Students in extra-curricular activities, drivers to also be tested

Mauricio Julian Cuellar Jr., Alice Echo-News Journal

Two Alice High School cheerleaders said on Wednesday the school district's new drug testing policy will be a strong deterrent against the prevailing social use of drugs by a large percentage of students at the school.

The girls agreed to speak freely on the issue only if they were given anonymity, to avoid negative reactions from classmates, teachers and administrators.

On Tuesday, the Alice ISD school board approved both the new drug testing policy and the test administration company, A&D Tests, Incorporated.

The price per random test to the district will be $18.

A&D will conduct five panel tests, meaning they will search for five substances in a student's urine sample, including marijuana, cocaine, opiates, amphetamine/methamphetamine and phencyclidine (PCP).

Both cheerleaders said alcohol and marijuana are the two substances most abused by students at AHS.

They are available at parties and social events, they said, and are easily accessible to those students who want to try them.

"They're very available and the pressure is there, but they see everyone else do it and they want to feel accepted," one girl said. "I think it would be a real deterrent for students, if they know that the consequences are real, and that a positive on the test can affect them and their ability to participate in sports like football."

The same student said cocaine use has recently become more prevalent at the school, with several young girls using the substance as a diet supplement to help them lose weight.

Both girls agreed the drug problem at AHS crosses all social classes, from kids who do not participate in activities, to those who make straight As. There are groups of students from every section of AHS who participate in drug use on a social basis, they said.

"I think it's a very serious problem, and it's downplayed at the school," one girl said. "They (teachers and administrators) don't want to acknowledge there is a problem."

According to the district's new policy, any student in grades nine through 12 who participates in a school-sponsored extra-curricular activity and all students who drive a car to school, will be put into the pool of possible random testing, which will take place six times a year.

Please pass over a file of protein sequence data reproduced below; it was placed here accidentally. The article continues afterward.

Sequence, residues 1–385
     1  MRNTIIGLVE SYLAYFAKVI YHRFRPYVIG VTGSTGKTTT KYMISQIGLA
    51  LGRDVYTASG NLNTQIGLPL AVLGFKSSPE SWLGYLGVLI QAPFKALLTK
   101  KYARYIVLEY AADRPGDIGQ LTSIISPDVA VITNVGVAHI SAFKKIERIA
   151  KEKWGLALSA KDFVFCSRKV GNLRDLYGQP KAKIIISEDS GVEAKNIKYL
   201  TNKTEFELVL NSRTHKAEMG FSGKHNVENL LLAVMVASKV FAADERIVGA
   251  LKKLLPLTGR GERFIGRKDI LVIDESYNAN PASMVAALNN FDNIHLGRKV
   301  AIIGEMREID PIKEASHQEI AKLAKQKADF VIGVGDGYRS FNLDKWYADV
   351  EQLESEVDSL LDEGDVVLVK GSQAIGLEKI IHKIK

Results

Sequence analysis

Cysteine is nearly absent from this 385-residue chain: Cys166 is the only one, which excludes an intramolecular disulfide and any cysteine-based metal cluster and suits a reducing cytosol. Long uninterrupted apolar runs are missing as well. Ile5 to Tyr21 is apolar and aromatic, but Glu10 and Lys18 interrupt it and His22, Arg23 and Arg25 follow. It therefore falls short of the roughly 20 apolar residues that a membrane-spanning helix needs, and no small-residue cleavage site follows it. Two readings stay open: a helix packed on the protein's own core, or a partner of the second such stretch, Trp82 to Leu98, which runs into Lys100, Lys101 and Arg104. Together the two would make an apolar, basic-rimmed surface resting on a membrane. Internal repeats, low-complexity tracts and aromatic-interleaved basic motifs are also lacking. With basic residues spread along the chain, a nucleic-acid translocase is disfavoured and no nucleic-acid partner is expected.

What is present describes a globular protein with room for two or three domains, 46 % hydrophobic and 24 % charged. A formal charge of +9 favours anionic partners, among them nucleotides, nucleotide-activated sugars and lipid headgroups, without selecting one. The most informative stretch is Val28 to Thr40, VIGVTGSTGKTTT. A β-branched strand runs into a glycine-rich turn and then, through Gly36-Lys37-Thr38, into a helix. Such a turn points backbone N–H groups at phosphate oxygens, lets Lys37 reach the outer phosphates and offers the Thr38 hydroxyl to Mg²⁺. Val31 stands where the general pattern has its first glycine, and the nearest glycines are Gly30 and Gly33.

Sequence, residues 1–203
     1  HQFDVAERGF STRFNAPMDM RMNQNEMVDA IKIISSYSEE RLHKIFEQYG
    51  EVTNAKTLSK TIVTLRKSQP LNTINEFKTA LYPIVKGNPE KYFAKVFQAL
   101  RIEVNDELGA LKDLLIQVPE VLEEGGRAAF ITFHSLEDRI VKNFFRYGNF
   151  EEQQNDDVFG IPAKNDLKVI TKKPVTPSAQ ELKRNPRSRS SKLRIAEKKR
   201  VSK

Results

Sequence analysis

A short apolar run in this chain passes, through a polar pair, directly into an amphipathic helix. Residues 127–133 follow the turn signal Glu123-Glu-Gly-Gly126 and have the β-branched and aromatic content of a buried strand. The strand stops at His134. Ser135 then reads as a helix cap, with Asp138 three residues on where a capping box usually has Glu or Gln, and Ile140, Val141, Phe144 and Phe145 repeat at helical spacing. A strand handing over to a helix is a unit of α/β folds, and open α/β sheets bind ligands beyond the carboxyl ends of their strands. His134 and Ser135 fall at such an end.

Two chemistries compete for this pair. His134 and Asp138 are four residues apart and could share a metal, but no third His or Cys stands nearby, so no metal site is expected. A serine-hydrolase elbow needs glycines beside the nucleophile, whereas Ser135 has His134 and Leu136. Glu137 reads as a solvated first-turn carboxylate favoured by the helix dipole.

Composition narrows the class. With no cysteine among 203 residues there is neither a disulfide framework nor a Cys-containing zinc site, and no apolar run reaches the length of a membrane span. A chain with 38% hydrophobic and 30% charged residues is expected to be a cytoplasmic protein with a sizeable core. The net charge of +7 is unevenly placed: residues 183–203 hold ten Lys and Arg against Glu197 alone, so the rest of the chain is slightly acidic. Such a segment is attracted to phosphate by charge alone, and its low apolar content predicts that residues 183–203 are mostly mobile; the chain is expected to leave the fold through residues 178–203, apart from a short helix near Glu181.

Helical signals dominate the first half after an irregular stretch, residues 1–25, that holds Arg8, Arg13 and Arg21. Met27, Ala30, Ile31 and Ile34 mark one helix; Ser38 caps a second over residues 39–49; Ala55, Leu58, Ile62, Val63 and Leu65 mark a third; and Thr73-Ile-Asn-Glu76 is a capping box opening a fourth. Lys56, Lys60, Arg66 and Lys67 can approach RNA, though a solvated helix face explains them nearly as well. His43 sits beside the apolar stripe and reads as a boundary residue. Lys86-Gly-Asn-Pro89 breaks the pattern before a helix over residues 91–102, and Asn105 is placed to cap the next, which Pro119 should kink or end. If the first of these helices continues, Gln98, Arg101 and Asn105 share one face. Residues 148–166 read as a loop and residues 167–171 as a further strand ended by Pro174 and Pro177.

The district is currently planning to hold orientation sessions for students and parents, where the testing process will be explained in greater detail and provide consent forms which parents and students must sign in order to have the student participate in extracurricular activities or drive a car to school.

During testing, students will be escorted by district personnel to the testing site, and will remain under employee supervision during the test. The sample will be produced by a student from behind a closed restroom stall.

The laboratory will use a random selection method to come up with the names of students to be tested.

According to the policy, no less than five percent and no more than 30 percent of students in the program will be randomly selected throughout the year.

Students who refuse to test when selected will be considered to have a positive test result. An initial positive test will be confirmed by a second test of the same specimen before being reported as positive.

Voluntary drug testing will also be available for students in the district who do not participate in extra curricular activities or drive to school.

Parents can enroll their students at any time, though a request and consent form must be signed by the parent annually for participation in the program.

The parent will be charged a fee at the beginning of the year to cover the expense of the testing in the program for that school year. According to the policy, individual student results shall not be reported to the district under the voluntary program.